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Payroll employment, earnings and hours, November 2018

Released: 2019-01-30

Average weekly earnings — Canada

$1,011.79

November 2018

2.0% increase

(12-month change)

Average weekly earnings — N.L.

$1,039.79

November 2018

-0.6% decrease

(12-month change)

Average weekly earnings — P.E.I.

$853.37

November 2018

1.8% increase

(12-month change)

Average weekly earnings — N.S.

$889.82

November 2018

2.2% increase

(12-month change)

Average weekly earnings — N.B.

$924.17

November 2018

1.6% increase

(12-month change)

Average weekly earnings — Que.

$934.98

November 2018

1.1% increase

(12-month change)

Average weekly earnings — Ont.

$1,035.21

November 2018

2.5% increase

(12-month change)

Average weekly earnings — Man.

$940.68

November 2018

2.5% increase

(12-month change)

Average weekly earnings — Sask.

$1,037.53

November 2018

1.9% increase

(12-month change)

Average weekly earnings — Alta.

$1,154.24

November 2018

0.6% increase

(12-month change)

Average weekly earnings — B.C.

$983.05

November 2018

3.2% increase

(12-month change)

Average weekly earnings — Y.T.

$1,139.31

November 2018

6.1% increase

(12-month change)

Average weekly earnings — N.W.T.

$1,470.16

November 2018

4.7% increase

(12-month change)

Average weekly earnings — Nvt.

$1,382.99

November 2018

3.4% increase

(12-month change)

Average weekly earnings of non-farm payroll employees were $1,012 in November, little changed from the previous month. Compared with 12 months earlier, earnings grew by 2.0%.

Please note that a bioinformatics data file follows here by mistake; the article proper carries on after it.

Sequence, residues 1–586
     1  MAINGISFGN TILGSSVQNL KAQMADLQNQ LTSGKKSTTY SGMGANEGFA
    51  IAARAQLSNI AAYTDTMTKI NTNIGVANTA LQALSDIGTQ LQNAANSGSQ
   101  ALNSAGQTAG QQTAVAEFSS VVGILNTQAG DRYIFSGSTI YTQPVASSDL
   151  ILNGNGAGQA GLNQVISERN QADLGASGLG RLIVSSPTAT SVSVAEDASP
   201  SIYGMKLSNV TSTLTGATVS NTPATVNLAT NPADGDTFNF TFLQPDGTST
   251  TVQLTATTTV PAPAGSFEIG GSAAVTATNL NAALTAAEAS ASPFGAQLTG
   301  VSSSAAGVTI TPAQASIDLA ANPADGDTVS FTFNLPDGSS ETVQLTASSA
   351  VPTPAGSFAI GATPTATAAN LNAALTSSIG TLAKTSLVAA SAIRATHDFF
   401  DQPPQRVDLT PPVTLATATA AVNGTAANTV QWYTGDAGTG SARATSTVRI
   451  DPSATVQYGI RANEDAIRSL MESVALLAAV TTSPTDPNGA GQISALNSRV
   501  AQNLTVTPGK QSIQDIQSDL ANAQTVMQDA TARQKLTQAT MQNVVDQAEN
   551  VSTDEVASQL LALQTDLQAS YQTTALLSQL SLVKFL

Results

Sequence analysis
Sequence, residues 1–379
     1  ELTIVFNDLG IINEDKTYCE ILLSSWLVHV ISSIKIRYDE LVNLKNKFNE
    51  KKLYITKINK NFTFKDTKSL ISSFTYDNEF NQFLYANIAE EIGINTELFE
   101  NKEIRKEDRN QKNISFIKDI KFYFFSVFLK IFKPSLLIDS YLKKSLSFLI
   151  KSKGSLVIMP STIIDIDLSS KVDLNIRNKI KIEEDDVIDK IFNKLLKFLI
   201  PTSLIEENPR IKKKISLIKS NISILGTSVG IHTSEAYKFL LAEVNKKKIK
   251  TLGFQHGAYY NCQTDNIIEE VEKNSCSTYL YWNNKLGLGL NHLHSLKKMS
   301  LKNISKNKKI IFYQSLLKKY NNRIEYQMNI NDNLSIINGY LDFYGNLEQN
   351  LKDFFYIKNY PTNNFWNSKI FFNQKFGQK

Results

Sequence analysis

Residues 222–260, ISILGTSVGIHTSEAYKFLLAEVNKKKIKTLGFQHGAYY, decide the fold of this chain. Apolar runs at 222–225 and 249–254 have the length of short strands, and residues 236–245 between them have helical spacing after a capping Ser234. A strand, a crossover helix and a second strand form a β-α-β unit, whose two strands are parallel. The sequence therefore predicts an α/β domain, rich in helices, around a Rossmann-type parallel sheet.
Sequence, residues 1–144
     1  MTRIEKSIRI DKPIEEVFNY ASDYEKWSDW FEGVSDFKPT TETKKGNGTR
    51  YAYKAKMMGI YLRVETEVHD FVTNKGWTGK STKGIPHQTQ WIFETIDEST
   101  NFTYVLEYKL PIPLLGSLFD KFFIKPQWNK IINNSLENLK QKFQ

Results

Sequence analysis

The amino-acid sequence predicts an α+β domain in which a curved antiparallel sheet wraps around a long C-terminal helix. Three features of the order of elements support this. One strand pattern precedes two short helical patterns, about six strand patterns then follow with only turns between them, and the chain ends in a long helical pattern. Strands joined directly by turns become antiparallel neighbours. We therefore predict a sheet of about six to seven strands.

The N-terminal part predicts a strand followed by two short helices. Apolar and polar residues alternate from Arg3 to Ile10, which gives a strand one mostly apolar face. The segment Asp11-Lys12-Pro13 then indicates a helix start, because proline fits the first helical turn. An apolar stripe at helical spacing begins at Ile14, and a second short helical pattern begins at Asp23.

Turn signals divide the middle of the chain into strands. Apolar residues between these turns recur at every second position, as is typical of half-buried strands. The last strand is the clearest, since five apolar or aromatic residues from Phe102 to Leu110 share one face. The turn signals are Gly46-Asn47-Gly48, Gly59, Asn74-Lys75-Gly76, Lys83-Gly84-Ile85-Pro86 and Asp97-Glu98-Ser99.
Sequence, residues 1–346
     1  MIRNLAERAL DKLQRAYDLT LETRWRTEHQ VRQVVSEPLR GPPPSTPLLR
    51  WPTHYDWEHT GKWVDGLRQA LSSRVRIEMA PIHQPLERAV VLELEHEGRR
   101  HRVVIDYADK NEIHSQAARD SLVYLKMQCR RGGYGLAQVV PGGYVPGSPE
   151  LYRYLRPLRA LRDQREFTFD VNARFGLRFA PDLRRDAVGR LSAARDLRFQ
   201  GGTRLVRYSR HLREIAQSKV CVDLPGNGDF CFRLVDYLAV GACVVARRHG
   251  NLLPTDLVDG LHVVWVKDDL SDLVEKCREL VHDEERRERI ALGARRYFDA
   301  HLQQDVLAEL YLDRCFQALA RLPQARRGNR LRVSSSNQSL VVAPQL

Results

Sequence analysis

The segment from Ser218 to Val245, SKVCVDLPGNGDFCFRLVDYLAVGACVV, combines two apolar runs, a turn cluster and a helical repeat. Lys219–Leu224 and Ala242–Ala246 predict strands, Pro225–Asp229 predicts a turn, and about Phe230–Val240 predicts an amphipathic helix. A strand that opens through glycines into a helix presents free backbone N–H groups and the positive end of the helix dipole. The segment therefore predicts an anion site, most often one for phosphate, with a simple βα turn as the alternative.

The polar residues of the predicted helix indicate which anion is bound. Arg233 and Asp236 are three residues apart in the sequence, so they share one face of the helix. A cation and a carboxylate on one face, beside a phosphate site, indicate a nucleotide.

In general, changes in weekly earnings reflect a number of factors, including wage growth; changes in the composition of employment by industry, occupation and level of job experience; and average hours worked per week.

Non-farm payroll employees worked an average of 32.8 hours per week in November, virtually unchanged from the previous month and down from 33.0 hours in November 2017.

Chart 1  Chart 1: Year-over-year change in average weekly earnings and average weekly hours
Year-over-year change in average weekly earnings and average weekly hours

Today, Statistics Canada released the "Earnings and payroll employment in brief: Interactive app," a new way to explore the most recent results from the Survey of Employment, Payrolls and Hours.

Average weekly earnings by sector

In the 12 months to November, average weekly earnings were up in 6 of the 10 largest industrial sectors, led by retail trade; accommodation and food services; and administrative and support services. At the same time, earnings were little changed in wholesale trade, educational services, public administration, and professional, scientific and technical services.

Chart 2  Chart 2: Year-over-year change in average weekly earnings in the 10 largest sectors, November 2018
Year-over-year change in average weekly earnings in the 10 largest sectors, November 2018

Compared with November 2017, earnings in retail trade increased 7.0% to $618. Earnings growth was spread across most subsectors, with motor vehicle and parts dealers and miscellaneous store retailers contributing the most to the growth. Earnings in this sector have sustained high year-over-year growth since the end of 2017. Job vacancies and their average offered hourly wage in the third quarter of 2018 were both up in this sector on a year-over-year basis.

In the 12 months to November, earnings in accommodation and food services rose 5.9% to $415, mostly due to the full-service restaurants and limited-service eating places industry. Earnings in this sector have been trending up since the spring of 2017. Furthermore, job vacancies as well as their average offered hourly wage in this sector rose in the third quarter of 2018 compared with the third quarter of 2017.

On a year-over-year basis, average weekly earnings in administrative and support services grew 4.8% to $798, predominantly in the employment services and the services to buildings and dwellings industries.

In manufacturing, average weekly earnings increased 2.4% to $1,115. Earnings growth was observed across several subsectors, with fabricated metal product and chemical manufacturing contributing the most to the increase.